Ever watched a movie that was so packed full of non-stop action it left you feeling breathless? Exhilarated, maybe… but disconnected from the characters – unable to learn much about them amidst the constant stream of explosions, car chases and death-defying peril?
Or have you ever read a story where the author droned on for so long about their characters’ thoughts, feelings, family history, and childhood until you thought please… please just let something – anything – happen?
If so, you’ve more than likely encountered a problem with pacing.
Pacing refers to the momentum of a story. There are times we want the reader frantically turning pages because there’s so much high-energy action, and there are times when we want to slow down the story – to let the reader sink into the prose like they would a warm, soothing bath.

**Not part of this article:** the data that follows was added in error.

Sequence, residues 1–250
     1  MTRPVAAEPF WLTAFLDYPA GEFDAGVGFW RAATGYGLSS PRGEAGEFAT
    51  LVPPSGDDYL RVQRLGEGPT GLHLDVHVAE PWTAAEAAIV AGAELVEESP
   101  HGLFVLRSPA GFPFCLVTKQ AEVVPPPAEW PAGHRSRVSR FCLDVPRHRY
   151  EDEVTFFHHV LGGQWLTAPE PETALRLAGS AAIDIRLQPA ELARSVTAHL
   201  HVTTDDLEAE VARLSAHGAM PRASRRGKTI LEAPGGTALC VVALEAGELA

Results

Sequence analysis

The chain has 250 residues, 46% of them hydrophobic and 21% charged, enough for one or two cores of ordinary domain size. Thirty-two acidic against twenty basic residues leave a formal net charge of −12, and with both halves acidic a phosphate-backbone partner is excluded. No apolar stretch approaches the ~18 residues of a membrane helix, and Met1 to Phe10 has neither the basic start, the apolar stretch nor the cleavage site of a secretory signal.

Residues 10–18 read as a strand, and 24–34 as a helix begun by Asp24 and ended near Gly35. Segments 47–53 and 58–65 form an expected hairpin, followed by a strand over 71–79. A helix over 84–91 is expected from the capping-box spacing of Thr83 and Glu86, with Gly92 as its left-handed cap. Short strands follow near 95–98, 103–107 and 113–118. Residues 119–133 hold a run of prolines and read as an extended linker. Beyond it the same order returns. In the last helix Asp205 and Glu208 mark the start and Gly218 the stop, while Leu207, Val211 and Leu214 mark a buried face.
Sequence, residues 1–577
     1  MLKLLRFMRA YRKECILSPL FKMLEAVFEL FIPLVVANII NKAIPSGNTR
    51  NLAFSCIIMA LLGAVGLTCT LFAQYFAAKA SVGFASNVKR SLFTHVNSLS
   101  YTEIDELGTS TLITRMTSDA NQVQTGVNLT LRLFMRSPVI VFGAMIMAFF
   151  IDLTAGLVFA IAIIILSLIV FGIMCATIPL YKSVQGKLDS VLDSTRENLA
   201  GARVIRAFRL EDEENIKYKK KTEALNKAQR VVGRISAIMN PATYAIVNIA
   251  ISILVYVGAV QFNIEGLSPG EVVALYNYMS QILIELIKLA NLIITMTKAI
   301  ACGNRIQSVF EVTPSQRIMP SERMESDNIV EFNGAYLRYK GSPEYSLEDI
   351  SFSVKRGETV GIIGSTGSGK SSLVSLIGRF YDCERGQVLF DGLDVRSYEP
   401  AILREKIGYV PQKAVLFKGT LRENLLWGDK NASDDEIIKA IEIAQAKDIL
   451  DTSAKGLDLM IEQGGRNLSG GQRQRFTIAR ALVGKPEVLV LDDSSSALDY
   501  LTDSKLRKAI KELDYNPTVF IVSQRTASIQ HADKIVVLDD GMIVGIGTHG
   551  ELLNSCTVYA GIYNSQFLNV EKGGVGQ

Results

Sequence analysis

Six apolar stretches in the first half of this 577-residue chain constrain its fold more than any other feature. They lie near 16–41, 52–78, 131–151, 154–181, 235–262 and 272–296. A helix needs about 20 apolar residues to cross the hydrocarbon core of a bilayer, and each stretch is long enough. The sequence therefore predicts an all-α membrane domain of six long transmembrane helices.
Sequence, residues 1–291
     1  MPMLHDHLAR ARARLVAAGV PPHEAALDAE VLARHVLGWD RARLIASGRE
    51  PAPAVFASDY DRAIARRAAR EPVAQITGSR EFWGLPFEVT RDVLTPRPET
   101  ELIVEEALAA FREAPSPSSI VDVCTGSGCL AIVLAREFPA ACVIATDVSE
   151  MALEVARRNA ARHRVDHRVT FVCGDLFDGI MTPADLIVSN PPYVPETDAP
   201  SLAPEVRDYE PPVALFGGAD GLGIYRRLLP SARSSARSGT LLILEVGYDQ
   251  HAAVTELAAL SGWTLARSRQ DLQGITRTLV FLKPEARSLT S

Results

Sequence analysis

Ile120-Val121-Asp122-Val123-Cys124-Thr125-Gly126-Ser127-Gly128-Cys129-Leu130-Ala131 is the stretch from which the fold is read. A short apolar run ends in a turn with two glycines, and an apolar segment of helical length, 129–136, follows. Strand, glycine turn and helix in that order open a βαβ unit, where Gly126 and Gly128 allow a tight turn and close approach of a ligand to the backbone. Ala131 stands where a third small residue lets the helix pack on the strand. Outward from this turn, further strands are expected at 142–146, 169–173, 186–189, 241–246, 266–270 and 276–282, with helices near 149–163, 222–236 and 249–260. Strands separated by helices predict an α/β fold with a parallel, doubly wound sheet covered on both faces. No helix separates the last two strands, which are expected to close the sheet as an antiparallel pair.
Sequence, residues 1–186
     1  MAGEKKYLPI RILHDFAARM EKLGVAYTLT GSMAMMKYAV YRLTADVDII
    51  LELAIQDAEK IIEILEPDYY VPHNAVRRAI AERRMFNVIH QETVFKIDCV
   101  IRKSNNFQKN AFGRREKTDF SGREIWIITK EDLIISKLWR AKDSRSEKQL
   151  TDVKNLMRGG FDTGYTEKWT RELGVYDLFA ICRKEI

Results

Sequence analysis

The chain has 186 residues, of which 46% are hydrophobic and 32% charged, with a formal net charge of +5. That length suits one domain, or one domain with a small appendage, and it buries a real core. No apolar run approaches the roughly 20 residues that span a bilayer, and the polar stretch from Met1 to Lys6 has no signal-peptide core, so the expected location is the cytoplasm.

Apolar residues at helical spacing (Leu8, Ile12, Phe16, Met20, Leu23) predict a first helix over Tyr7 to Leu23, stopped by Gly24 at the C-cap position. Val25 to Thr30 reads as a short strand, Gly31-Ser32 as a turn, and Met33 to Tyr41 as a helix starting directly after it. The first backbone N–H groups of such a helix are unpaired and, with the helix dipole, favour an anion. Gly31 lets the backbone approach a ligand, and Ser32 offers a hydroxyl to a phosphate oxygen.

Keeping the brain engaged requires a consistent mixture of these – like a rollercoaster ride. Take the reader slowly up to the top and then slam them down the other side, through blinding loops and breakneck corners… and then slow them back down again in preparation for the next dose of action.
A good story has a mix of fast-paced and slow-paced sections. This variety helps us generate tension, build anticipation, develop our characters, insert descriptions, drive the plot forward and— above all – maintain our reader’s interest.